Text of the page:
Travels in the North

Musings on arctic holidays

Tag Archives: Streymoy

Reliving an old trip – 20th June 2005 – The Queen of Denmark and Nolsoy

For the second day in a row I slept through my alarm, missing once again I’ve missed the bus and connecting ferry to Mykines. It was blowing an absolute gale last night so I console myself that the ferry crossing (supposedly notoriously choppy) would’ve been a bit of a nightmare anyway.

I decided to go to Nolsoy instead, the island immediately East of Torshavn which supposedly makes a good day trip. There was noone around at the campsite but a note at reception said the Queen of Denmark was visiting the Faroes today – which would no doubt explain the cannon firing I’d just heard.

Niels Finsens Gota

Niels Finsens Gota – the main shopping street in Torshavn, decorated with flags for the visit of the Queen of Denmark

I walked into Torshavn, there were lots of Danish and Faroese flags flying and quite a few Faroese people in national dress. I saw the Queen walk down one of the main shopping streets, it was refreshing how little security there seemed to be.

queen of denmark visits torshavn

Terrible picture but you can just about see the Queen’s left arm (in white)

Royal Excitement over I left for the ferry to Nolsoy. The wind was still quite strong at this point, and even though the crossing was just 20 minutes I was very glad to reach dry land. I walked from Nosloy Village to the lighthouse at the southern tip of the island at Borðan, a 6km walk each way. It was an impressive lighthouse, helped by the remote setting. Unfortunately the visibility had dropped and I couldn’t even see as far as Streymoy where I’d just come from. On the walk back to Nolsoy village I stopped to sit down but was immediately set upon by large sea birds swooping down, not sure if they thought I was dead or were trying to attack – but it meant I couldn’t really take a break and had to keep walking.

The lighthouse at Borðan on Nolsoy

The lighthouse at Borðan on Nolsoy

Back in Torshavn I was shattered, had some fast food at a place called City Burger which was pretty horrible,  before heading back to the campsite for an early night.

Reliving an old trip – 19th June 2005 – Driving Vagar, Streymoy and Eysturoy

There’s something of a “morning after the night before” as I wake up at 11:30, feeling like death warmed up. Maybe it was the whale meat I ate last night…or the copious amount of beer I drank I’m not sure. Either way I’ve comfortably missed my 8am ferry, with connections carefully planned to visit Mykines, the remote island in the West of the Faroese archipelago.

I couldn’t face doing much, but did manage to turn my radio on, I must have tuned it into Radio 4 long wave last night as that’s what came on, and it was cricket commentary from a one day international in Bristol between England and Australia. A few references were made to the heat in England, a whooping 30 degrees, I still hadn’t opened the curtains but was fairly confident it was significantly less than that here. I love holidaying in the arctic 🙂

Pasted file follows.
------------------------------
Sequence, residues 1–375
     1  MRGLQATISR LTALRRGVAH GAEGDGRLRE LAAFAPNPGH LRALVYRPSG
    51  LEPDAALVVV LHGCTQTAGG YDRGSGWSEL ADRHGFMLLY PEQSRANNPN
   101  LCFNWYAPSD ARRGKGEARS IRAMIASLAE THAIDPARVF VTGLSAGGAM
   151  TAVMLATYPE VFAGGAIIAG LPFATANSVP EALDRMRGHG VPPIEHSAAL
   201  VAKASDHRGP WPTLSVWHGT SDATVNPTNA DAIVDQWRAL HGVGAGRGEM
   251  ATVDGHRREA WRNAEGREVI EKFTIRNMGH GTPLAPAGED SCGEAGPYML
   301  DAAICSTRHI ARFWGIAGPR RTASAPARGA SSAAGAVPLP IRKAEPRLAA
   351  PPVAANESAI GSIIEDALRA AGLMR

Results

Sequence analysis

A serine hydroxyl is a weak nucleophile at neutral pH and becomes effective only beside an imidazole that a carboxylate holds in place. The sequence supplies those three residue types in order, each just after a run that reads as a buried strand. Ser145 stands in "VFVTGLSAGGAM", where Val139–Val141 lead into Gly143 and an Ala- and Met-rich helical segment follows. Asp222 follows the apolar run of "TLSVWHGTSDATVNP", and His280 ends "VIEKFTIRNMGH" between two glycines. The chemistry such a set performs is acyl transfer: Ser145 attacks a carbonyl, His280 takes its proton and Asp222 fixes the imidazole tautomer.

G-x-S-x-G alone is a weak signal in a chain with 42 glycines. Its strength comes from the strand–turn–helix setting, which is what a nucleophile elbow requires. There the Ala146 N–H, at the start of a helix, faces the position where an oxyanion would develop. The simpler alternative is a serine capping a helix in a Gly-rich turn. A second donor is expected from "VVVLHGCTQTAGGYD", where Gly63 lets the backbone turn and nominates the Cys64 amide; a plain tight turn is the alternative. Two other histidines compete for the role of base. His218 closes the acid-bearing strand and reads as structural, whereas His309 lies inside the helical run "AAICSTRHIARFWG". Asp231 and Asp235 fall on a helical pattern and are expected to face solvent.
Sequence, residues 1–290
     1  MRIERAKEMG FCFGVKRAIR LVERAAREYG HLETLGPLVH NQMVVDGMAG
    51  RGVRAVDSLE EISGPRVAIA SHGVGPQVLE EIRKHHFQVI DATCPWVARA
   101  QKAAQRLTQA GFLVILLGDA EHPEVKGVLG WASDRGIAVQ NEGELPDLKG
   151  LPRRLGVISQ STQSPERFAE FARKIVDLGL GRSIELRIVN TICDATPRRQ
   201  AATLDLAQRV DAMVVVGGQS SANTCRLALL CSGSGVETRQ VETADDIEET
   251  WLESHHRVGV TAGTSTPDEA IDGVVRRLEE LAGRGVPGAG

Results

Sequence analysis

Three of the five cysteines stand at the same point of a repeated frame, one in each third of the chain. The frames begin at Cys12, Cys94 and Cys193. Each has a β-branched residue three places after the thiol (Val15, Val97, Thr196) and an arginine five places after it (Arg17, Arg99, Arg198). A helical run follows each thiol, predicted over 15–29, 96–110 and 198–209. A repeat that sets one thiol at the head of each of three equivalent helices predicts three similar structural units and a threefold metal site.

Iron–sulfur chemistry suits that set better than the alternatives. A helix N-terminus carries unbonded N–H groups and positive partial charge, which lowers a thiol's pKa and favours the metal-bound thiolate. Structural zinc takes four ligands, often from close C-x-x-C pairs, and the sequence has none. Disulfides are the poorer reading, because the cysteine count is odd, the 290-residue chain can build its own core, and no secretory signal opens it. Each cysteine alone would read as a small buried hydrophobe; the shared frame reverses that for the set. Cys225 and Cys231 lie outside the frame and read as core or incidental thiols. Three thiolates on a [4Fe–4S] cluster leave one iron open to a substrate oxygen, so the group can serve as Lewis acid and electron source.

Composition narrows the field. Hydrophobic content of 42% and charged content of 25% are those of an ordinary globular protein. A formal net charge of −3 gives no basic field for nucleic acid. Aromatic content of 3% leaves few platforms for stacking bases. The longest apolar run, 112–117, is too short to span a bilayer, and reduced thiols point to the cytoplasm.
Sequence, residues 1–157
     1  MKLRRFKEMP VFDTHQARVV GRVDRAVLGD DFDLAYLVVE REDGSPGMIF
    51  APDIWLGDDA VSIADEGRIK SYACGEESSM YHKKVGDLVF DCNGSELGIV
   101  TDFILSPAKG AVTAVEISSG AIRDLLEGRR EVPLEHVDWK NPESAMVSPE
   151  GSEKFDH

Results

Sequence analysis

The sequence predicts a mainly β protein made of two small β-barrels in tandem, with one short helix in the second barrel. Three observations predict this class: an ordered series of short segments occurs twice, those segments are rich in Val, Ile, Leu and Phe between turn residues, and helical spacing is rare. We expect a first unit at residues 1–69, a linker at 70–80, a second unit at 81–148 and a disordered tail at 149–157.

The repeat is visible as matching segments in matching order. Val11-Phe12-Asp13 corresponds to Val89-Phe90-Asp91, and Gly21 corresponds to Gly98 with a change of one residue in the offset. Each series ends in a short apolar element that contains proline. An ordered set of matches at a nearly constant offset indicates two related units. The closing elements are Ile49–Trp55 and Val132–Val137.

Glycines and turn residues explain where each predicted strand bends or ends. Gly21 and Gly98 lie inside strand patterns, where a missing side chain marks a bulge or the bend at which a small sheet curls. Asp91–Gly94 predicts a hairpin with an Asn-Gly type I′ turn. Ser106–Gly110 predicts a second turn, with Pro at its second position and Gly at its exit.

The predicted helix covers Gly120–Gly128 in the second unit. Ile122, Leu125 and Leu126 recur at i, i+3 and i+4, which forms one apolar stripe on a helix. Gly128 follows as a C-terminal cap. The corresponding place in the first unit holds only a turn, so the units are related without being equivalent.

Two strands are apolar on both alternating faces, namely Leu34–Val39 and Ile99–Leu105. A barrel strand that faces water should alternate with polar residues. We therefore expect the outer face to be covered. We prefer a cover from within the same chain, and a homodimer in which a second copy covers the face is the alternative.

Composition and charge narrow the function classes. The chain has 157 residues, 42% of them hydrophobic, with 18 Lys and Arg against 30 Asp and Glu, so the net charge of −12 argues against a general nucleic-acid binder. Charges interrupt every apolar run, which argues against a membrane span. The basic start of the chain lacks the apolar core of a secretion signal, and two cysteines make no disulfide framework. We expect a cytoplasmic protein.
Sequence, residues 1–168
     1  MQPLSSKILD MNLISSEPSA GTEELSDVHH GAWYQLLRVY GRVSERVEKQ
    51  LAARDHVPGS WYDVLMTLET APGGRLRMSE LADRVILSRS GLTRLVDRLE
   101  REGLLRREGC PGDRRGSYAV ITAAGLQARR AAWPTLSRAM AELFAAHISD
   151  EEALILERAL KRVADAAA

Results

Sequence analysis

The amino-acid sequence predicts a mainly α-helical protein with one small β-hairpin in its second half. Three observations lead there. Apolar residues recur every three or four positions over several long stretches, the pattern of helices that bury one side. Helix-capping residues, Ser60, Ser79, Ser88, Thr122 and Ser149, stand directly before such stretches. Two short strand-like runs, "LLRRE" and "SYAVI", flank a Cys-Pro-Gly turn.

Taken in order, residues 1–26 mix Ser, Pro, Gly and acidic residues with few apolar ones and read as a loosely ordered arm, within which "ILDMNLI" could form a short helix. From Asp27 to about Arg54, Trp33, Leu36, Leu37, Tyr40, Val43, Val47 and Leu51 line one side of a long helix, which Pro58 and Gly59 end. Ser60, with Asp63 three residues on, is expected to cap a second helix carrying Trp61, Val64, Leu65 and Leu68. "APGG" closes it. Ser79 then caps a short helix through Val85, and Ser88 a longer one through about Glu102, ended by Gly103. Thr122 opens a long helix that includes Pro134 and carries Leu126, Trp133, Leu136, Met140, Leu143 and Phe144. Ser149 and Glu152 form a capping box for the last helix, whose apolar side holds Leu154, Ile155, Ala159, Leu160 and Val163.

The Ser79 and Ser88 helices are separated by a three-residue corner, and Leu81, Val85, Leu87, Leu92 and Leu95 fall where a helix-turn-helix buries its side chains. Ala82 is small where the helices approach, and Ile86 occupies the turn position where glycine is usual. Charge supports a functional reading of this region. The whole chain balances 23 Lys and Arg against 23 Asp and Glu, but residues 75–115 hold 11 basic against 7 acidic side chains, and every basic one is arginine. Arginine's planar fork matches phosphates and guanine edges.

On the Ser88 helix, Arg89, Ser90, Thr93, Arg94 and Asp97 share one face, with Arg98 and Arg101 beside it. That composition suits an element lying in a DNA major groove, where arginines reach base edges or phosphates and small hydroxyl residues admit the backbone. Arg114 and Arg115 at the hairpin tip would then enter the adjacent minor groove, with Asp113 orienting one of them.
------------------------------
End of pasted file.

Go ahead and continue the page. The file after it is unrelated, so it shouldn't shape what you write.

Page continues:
After a bit more cricket commentary and a bit more feeling sorry for myself and my hangover, I look at the ferry timetable and decide to go for the 14:45 back to Eysturoy (and then Torshavn via bus).  After packing up my stuff I bumped into Valti again (the Icelandic fisherman I’d met the night before) and he offered me a lift as he was “going for a drive”. I still felt like death, but given my lack of transport and desire to see as much of the Faroes as I could I took him up on the offer.

Eiði Faroe Islands

Taking in the view at Eiði

It was absolutely fantasic, even with my hangover. You see so much more in a car than you could on the bus and ferries. We drove around Northern Eysturoy, which has some incredibly picturesque villages including Eiði and Gjogv, the latter of which I realised I’d seen in various tourist brochures. We went for dinner in Hotel Eiði where we had a decent steak and chips and enjoyed the view down to the harbour. The service was somewhat surly, in stark contrast to the Faroese hospitality I’d enjoyed thus far.

Gjogv Faroe Islands

Gjogv

After dinner we drove across to Vagar (an island in the west where the airport is), through the recently opened (as of 2005) Streymoy-Vagar tunnel, paying 170Kr for the privilage which Valti and I agreed was a rip off. Still, I guess these tunnels don’t come cheap. On Vagar we got as far as Bour on the West coast before heading back to Streymoy, where Valti dropped me off at the campsite in Torshavn. By now it was almost midnight (and still light of course), but was windy and rainy and putting my tent up was difficult (my hangover still hadn’t completely surpassed), but finnaly getting into bed was heavenly. I slept like a log through the impending storm.

Gjogv Faroe Islands

Gjogv

Reliving an old trip – 18th June 2005 – Part One – Cloudy Klaksvik

“Ridiculous” was my inital thought as my alarm clock went off at 5am.  It was already light of course, in fact it never really gets dark this far North so close to the summer equinox, but still wasn’t easy getting up and packing up my tent at this ungodly hour.

The reason for the early start was that I had a long journey ahead of me, and Faroese public transport timetables being what they are, I pretty much had to catch the first ferry back from Suðuroy to Torshavn at 7am. It got in just after 9, just in time to catch my connecting bus to Leirvik (whose name comes from the same origin as Lerwick in Shetland, the old Norse for muddy bay). Have to praise the efficient Faroese public transport here, there are only about three buses a day but they are timed to connect with ferries which makes for a smooth journey.